Check with repair shops in your area to see if they can scavenge parts that are still valuable and compatible with other devices. They may offer you cash or trade-in credit, depending on what components they can get from your old electronics. Even if they don’t, repair shops are usually willing to dispose of them for free.
5. Pass Them on to a Friend or Family Member
Perhaps you know someone who needs a laptop or phone upgrade. Accidents happen all the time, and electronics are expensive to replace. Try asking around to see if anyone is looking for a temporary fix until they can afford something else.
Many people insist on giving you something, but you may have the opportunity to help someone you care about who is facing a tough financial situation. This is a good option if it is the first cell phone or laptop for a student as well. If they have a used or older device, there is less fear of damaging or losing it since it isn’t the latest and most expensive one available.
6. Donate Them to a Good Cause
In some instances, helping the less fortunate is more important than getting a good price. If you want to donate your outdated electronics to a good cause, you can look into local chapters of these organizations.
Many shelters and programs that assist veterans and victims of domestic violence gladly accepted older phones. There are also non-profits and charitable organizations that always need electronic upgrades. You can also call around to schools, shelters, churches, and other charities that may have a use for them. Donating them is a great way to give back to your community, instead of trying to sell or recycle your old electronics.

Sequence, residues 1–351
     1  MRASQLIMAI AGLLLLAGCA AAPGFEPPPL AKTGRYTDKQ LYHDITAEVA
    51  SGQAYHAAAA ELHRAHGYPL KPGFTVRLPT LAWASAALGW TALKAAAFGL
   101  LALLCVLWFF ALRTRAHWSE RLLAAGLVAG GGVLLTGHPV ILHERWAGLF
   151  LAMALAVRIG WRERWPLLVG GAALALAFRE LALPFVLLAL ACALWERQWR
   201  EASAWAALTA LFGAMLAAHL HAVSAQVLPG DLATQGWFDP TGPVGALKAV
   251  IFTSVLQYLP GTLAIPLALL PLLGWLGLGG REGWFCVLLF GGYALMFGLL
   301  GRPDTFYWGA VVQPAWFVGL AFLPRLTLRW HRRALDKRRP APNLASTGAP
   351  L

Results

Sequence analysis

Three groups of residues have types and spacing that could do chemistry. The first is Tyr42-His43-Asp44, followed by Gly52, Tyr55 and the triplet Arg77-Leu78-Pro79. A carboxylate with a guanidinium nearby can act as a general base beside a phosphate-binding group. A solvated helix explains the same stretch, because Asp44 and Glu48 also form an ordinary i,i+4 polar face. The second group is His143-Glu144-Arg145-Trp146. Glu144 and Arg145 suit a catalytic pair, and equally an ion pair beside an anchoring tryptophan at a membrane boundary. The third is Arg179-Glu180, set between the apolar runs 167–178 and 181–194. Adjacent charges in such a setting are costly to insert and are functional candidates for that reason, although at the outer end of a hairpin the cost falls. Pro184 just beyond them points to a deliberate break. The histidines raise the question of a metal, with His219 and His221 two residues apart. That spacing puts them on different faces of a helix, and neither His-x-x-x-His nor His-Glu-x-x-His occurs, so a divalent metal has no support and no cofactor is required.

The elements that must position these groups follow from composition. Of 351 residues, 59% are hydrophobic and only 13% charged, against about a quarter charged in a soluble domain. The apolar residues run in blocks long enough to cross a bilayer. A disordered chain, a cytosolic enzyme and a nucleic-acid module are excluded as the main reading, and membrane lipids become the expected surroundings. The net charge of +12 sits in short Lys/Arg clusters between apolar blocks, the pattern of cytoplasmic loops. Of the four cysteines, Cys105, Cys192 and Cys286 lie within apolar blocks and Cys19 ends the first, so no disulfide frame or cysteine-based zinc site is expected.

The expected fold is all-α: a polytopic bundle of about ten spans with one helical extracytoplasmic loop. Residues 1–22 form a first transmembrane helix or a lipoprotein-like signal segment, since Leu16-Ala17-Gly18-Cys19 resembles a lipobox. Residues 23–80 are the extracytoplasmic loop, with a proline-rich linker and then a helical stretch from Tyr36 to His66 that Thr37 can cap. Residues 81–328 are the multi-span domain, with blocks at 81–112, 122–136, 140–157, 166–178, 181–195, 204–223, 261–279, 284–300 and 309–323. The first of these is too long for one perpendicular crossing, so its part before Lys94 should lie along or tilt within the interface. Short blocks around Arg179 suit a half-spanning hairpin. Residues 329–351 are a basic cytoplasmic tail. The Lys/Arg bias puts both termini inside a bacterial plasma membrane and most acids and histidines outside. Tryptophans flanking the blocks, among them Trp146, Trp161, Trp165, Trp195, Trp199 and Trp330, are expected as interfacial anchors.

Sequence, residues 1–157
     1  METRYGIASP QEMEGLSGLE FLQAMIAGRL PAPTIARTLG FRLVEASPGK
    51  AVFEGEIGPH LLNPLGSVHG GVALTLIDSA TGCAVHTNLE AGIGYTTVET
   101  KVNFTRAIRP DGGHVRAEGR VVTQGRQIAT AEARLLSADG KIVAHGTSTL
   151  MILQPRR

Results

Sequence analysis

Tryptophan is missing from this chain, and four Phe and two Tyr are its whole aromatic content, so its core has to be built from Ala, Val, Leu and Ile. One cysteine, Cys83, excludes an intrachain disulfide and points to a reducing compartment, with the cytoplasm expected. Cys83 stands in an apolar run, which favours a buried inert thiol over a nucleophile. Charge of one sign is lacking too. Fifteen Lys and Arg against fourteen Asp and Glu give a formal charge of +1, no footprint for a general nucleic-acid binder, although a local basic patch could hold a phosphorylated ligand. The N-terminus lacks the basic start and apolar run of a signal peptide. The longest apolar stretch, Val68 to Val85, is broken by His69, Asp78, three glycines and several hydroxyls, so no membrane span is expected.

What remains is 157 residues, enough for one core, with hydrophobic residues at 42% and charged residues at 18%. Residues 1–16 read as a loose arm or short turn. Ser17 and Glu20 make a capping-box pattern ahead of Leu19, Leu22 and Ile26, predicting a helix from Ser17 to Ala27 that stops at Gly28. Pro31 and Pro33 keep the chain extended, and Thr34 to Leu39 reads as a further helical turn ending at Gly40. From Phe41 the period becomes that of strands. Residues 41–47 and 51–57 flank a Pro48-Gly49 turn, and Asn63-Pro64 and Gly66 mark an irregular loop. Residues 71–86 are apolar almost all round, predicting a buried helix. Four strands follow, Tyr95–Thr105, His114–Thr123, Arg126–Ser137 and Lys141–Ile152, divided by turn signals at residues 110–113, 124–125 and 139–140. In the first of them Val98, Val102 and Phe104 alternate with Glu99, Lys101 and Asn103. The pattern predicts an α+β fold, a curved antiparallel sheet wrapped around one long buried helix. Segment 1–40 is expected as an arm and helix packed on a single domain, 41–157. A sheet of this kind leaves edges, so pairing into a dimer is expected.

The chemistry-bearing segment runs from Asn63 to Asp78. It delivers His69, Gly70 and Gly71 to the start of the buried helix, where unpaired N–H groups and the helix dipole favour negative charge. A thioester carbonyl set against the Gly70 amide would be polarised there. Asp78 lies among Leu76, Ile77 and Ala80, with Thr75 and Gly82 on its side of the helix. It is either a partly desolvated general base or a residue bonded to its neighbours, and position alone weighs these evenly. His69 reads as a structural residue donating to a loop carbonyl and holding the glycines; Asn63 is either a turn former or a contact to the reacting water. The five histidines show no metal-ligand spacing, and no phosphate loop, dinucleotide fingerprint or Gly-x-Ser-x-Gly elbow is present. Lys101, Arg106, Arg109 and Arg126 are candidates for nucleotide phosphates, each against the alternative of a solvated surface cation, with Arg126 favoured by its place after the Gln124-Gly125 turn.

7. Safe Disposal and Recycling
However, if the devices are too far gone, it may be best to just scrap them. You can save yourself time and trouble by finding a place to safely dispose of them.
Many electronic retailers and recycling services will accept old electronics and get rid of them for you, free of charge. All you have to do is find designated kiosks inside stores like Best Buy where you can drop them in. Or, you can usually drop them off at the customer service desk, and they will make sure the devices are properly handled.
Before You Sell and Recycle Old Electronics…
Before you hand over any of your personal devices, make sure you wipe or destroy the hard drive. Many recycling centers do this for you, but it’s always safer to do it yourself. You don’t want your personal information floating around, or give anyone access to important documents that could leave you vulnerable to fraud or identity theft. So, if the hard drive has nothing on it or has been destroyed, you know your information is secure when you sell or recycle your old electronics.
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Jenny Smedra is an avid world traveler, ESL teacher, former archaeologist, and freelance writer. Choosing a life abroad had strengthened her commitment to finding ways to bring people together across language and cultural barriers. While most of her time is dedicated to either working with children, she also enjoys good friends, good food, and new adventures.